The Trump administration has sprung a leak. Many of them, in fact.

Every presidential administration leaks. So far, the Trump White House has gushed.

Unauthorized transcripts of phone conversations between President Trump and the leaders of Mexico and Australia went public last week. So did details about the administration’s stage-managing of Trump’s Supreme Court pick. Drafts of executive orders, including one that would grant legal protection to people and businesses that discriminate against same-sex married couples on moral or religious grounds, also slipped out before they were ready for prime time.

The leaks have been a bonanza for news organizations, particularly mainstream outlets such as the New York Times, The Washington Post, NBC and the Associated Press. The pattern of leaks to these organizations suggests the leakers are seeking not just wide distribution of confidential information but are hoping to gain the credibility conveyed by establishment news organizations — the very news outlets that Trump has frequently derided as purveyors of “fake news.”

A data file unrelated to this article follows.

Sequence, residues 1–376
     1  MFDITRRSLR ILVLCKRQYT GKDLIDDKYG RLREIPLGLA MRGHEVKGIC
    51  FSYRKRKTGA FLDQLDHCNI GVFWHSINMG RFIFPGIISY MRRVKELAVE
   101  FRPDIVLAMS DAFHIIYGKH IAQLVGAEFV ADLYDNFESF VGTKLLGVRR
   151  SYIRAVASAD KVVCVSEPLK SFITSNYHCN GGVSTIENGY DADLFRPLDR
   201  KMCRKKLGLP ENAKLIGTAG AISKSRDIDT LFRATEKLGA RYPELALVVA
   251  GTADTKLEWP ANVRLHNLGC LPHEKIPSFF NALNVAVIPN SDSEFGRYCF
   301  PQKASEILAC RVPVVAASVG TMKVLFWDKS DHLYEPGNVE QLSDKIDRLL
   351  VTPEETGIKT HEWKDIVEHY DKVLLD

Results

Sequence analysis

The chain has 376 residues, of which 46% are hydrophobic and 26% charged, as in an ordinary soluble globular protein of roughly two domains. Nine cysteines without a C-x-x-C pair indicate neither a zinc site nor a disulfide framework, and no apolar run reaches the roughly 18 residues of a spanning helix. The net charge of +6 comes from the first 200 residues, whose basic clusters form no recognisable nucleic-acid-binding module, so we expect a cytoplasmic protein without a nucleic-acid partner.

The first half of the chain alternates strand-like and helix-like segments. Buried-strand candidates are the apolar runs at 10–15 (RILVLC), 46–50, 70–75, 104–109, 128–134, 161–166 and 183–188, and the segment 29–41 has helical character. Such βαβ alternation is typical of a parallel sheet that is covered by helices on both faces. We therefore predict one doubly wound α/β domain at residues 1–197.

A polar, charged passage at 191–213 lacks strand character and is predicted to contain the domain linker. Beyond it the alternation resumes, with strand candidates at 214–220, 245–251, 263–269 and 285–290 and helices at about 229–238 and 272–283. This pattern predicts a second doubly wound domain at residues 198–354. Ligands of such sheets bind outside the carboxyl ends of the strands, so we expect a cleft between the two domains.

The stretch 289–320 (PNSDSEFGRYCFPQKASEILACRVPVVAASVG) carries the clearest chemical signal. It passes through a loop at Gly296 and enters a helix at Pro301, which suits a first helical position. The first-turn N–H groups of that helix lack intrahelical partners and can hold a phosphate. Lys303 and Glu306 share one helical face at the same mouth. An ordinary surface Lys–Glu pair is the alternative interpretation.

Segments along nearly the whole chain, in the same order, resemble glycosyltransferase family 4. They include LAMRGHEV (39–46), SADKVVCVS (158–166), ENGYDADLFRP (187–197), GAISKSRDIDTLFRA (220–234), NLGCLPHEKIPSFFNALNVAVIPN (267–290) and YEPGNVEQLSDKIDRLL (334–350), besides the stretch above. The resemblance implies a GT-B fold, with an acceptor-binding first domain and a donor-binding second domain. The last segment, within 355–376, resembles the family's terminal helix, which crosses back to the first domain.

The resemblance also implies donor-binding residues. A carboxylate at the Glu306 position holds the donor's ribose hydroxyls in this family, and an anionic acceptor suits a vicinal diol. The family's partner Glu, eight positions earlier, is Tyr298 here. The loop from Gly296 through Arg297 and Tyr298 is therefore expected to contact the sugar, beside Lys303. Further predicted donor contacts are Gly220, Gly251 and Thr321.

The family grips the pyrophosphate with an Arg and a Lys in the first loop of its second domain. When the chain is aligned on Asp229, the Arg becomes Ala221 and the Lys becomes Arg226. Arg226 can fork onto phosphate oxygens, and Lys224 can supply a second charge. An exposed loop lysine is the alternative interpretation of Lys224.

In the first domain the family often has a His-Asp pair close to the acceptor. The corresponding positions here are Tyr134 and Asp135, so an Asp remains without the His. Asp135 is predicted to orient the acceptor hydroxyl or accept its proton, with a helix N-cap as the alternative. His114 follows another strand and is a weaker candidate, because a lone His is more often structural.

They also suggest the extent of rivalries and some possible misgivings within Trump’s inner circle about policies and would-be policies. Leaks, after all, are often designed to isolate a rival or to whip up public pressure to derail a decision.

The Post was first to report on Trump’s conversation with Australian Prime MinisterMalcolm Turnbull, in which Trump blasted a refu­gee resettlement agreement and bragged about his election victory before abruptly ending the call.



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